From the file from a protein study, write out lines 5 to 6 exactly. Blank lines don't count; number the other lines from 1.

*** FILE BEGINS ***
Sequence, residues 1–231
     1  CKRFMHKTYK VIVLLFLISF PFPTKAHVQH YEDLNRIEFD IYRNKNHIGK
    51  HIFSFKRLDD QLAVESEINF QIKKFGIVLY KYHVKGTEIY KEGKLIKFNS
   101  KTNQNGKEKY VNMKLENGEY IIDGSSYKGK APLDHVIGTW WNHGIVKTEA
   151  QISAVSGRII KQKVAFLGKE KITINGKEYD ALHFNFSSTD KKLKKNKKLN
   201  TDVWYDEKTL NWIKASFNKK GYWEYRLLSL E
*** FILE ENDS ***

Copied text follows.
   151  QISAVSGRII KQKVAFLGKE KITINGKEYD ALHFNFSSTD KKLKKNKKLN
   201  TDVWYDEKTL NWIKASFNKK GYWEYRLLSL E